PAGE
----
We were on Highway A87 on the Isle of Skye in Scotland, headed for Portree, when it happened. A terrible accident occurred ahead of us, blocking the road in both directions. The only vehicles to move were of the emergency kind. We were stuck, with no way to reach our destination.
At first we thought all would be cleared up within the hour, but when the hour turned into two, we became aware of the gravity of this accident.
I decided to go up to see what was happening, and I was amazed to have to walk down at least two kilometers of stopped cars before I could even see the scene of the accident. Several firefighters were working on a crumpled-up car. A man was still stuck in it, and the firefighters were doing all they could to free him. Immediately I prayed for the accident victim, and then I returned to my car.
It was clear that we would be stuck here for at least another couple of hours, so we checked the map for a way around this section of the road. Unfortunately, there are no other roads to Portree, except for this tiny road we could see well below us. Unfortunately, there appeared to be a long line of cars on it as well, and none of them were moving.
One fellow tourist asked a guy in charge of traffic: “Are accidents more prone during the winter?”
“No ma’am,” he replied.
“Why are summers worse?” She asked.
He looked straight at her, and it was only then that she realized that most accidents occur because of over-eager tourists who are too impatient.
After three hours and a quarter, the local police began trying to free up the smaller road below us. It was a mess. It was a one-lane job, quite typical of the roads in Scotland, and hundreds of cars from both directions were trying to use it to by-pass the accident. This resulted in this road being “stuck” as well. It took a while for the police to “unstuck” it, and while we waited, I realized that we might very well lose our reservation at the Bed and Breakfast in Portree. We had no phone connections in the mountains, and thus, no way to contact the place where we were supposed to stay. I had read online reviews where tourists who lost their reservations at this particular Bed and Breakfast for showing up after six in the evening, and it was well past that time. I decided not to worry about it, however. After all, the poor man in the crumbled car was way worse than we were!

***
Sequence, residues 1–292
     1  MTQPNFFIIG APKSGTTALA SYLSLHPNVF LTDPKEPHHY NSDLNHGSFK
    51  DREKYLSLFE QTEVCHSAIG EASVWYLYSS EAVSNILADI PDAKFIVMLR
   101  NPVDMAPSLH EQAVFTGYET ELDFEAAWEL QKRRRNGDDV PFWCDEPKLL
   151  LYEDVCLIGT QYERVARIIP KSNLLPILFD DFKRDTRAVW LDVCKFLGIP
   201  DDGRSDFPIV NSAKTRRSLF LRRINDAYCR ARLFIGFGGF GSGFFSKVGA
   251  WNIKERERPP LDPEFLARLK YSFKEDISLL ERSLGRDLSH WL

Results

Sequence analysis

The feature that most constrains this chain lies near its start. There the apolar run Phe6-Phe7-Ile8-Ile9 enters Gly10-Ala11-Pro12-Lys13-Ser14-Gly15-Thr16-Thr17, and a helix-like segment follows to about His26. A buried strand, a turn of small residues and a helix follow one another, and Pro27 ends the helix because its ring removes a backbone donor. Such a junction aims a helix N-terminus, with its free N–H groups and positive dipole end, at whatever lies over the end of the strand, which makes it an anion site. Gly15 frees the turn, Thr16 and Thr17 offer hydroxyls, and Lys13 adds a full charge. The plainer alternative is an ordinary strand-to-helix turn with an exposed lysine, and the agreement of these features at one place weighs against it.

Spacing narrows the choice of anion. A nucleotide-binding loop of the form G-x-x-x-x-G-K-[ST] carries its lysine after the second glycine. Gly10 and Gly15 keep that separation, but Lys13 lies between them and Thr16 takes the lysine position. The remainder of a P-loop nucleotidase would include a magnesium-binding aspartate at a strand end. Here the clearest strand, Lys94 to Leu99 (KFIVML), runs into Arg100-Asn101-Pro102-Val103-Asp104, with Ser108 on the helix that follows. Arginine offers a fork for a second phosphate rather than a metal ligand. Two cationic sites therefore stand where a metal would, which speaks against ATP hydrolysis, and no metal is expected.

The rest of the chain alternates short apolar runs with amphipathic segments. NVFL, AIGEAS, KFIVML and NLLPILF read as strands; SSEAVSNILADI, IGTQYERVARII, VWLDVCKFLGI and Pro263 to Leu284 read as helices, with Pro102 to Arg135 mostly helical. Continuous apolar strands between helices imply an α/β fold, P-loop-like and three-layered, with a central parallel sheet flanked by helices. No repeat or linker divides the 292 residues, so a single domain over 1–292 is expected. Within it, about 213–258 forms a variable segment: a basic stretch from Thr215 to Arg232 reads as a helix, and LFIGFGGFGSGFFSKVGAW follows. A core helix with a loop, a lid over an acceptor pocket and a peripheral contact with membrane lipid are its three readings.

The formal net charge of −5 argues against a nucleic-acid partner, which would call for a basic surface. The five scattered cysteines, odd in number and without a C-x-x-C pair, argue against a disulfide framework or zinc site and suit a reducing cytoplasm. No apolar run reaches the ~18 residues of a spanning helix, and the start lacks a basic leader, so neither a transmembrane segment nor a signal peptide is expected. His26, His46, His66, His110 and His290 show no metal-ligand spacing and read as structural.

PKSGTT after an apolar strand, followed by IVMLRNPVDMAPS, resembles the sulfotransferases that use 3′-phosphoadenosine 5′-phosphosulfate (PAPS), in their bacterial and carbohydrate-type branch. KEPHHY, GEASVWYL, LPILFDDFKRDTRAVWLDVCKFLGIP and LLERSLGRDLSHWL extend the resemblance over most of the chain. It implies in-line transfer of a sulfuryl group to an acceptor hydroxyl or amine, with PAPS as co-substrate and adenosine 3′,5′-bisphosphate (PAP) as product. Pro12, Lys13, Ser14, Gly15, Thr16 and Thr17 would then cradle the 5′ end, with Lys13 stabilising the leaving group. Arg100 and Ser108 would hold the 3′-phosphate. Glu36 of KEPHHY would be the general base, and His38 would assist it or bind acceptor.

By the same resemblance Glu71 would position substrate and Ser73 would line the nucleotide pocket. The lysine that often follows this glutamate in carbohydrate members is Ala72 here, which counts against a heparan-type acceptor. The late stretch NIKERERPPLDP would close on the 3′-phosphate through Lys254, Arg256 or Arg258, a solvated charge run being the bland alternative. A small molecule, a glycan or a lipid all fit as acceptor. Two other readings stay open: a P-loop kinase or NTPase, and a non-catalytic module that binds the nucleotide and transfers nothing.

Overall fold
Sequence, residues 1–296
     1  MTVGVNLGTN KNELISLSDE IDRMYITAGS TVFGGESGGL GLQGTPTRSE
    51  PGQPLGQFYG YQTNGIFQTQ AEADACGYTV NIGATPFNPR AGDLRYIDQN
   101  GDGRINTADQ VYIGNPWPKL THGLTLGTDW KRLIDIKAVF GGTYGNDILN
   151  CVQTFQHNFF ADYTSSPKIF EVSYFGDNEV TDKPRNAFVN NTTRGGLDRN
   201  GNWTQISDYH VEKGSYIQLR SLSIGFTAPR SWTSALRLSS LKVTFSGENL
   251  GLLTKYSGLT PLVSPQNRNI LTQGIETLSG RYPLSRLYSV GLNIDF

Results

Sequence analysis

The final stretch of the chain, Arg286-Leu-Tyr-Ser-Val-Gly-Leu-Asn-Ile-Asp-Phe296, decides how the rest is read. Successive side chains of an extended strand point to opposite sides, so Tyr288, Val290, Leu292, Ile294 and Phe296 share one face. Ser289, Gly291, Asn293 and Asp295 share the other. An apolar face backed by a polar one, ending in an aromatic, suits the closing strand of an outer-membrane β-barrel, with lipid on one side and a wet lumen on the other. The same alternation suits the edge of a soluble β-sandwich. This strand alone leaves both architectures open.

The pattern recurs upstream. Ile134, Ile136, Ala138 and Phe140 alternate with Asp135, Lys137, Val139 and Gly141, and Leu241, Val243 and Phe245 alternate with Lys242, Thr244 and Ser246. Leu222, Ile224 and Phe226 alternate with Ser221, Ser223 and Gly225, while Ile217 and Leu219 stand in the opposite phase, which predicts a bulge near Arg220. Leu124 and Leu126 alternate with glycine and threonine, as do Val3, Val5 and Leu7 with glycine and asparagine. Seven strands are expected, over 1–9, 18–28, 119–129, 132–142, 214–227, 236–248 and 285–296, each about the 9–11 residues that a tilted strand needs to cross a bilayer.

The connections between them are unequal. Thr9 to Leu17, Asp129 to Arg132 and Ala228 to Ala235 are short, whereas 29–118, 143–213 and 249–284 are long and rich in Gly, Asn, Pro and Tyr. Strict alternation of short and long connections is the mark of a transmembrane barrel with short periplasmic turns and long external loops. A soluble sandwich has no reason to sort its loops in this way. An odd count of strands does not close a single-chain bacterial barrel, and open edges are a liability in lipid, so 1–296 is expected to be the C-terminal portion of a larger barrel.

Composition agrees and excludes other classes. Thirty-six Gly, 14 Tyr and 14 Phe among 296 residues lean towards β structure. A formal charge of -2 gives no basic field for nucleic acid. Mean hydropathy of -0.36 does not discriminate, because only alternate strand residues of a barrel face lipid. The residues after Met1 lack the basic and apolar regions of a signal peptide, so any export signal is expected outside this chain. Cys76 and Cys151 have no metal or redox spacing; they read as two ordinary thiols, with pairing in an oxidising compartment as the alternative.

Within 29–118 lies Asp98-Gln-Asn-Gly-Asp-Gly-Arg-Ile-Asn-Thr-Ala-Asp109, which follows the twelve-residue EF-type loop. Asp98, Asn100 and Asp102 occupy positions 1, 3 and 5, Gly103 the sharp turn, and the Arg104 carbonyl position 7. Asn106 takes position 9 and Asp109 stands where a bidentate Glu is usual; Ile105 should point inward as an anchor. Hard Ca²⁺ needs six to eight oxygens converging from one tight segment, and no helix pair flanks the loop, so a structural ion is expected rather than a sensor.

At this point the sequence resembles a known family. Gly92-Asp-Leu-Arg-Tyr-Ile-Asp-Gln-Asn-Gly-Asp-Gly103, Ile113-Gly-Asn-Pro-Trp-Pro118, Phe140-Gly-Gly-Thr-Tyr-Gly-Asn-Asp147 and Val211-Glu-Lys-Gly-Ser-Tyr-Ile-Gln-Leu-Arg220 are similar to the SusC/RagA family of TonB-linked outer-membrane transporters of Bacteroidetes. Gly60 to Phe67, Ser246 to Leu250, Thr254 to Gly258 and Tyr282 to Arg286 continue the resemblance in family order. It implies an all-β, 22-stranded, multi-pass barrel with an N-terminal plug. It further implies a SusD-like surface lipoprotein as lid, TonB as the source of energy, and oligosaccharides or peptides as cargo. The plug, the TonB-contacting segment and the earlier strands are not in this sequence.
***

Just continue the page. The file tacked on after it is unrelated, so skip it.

Finally the police freed the completely no-named road (Truly, that road had no name! Quite sad, don’t you think?), and they then escorted hundreds of cars through from the other end. Only when the last car cleared were we allowed to take our turn on that 8 kilometers of narrow, dirt road, littered with potholes. We were just happy to finally be able to move!
Suddenly we had phone reception. I quickly dialed our Bed and Breakfast, and we were able to confirm that we were coming. We still had a room for the night!
A moment after hanging up, our phone reception disappeared…
One thing I have learned is that adversity will always occur during our lifetime. Some have more adversity than others. That year we had our fair share of adversity, and interestingly enough we faced most of it positively.
Peter and his friends also faced adversity when they saw someone walking on the lake.
“They were terrified. ‘It’s a ghost,’ they said, and cried out in fear.” (Matt 14:26b, NIV2)
Only when Peter heard Jesus say: “Take courage! It is I. Don’t be afraid.” (Matt 14:27b, NIV2) Peter’s fear turned into courage. Embolden, he shout out: “Lord, if it’s you . . . Tell me to come to you on the water.” (Matt 14:28, NIV2)
When Jesus invited him to come, he got out of his boat and started to walk on water. He was truly walking on the lake! He had overcome his adversity, until . . . “He saw the wind, he was afraid and, beginning to sink, cried out, ‘Lord, save me!'” (Matt 14:30, NIV2)
Did you notice why he was able to walk on water? The whole time he focused on Jesus, he was able to walk on that water, without any difficulties. However, the moment his focus was geared on adversity, he lost it and started to sink.
The same is true with our trials. The longer we focus on our adversity, our weaknesses, our addictions, we will fail. The more we focus on Jesus, the more we become victorious and are able to walk on the adversities of life. After all, if we let Jesus guide us, we have nothing to fear! He has never failed us before, why would He start now?
The only way to keep our eyes above the tumulus waves is by focusing solely on Jesus. He is the One who will make our faith stronger than ever possible.
“Keep your eyes on Jesus, who both began and finished this race we’re in. Study how he did it. Because he never lost sight of where he was headed-that exhilarating finish in and with God-he could put up with anything along the way: Cross, shame, whatever. And now he’s there, in the place of honor, right alongside God. When you find yourselves flagging in your faith, go over that story again, item by item, that long litany of hostility he plowed through. That will shoot adrenaline into your souls!” (Heb 12:2-3, MSG)
The last few devotionals of this series have been about our personal adversities when we flew to Great Britain. The whole time our Father sustained us and kept our eyes above the waves. Had I known ahead of time, I would have sunk like Peter. Victory is only possible by focusing solely on the Christ, the One who loves us more dearly than anyone else! “But thanks be to God! He gives us the victory through our Lord Jesus Christ.” (1 Corinthians 15:57, NIV)
Are you stuck in traffic? What will you do about it?
(To access the entire “Facing Unimaginable Odds” devotional series, please click here.)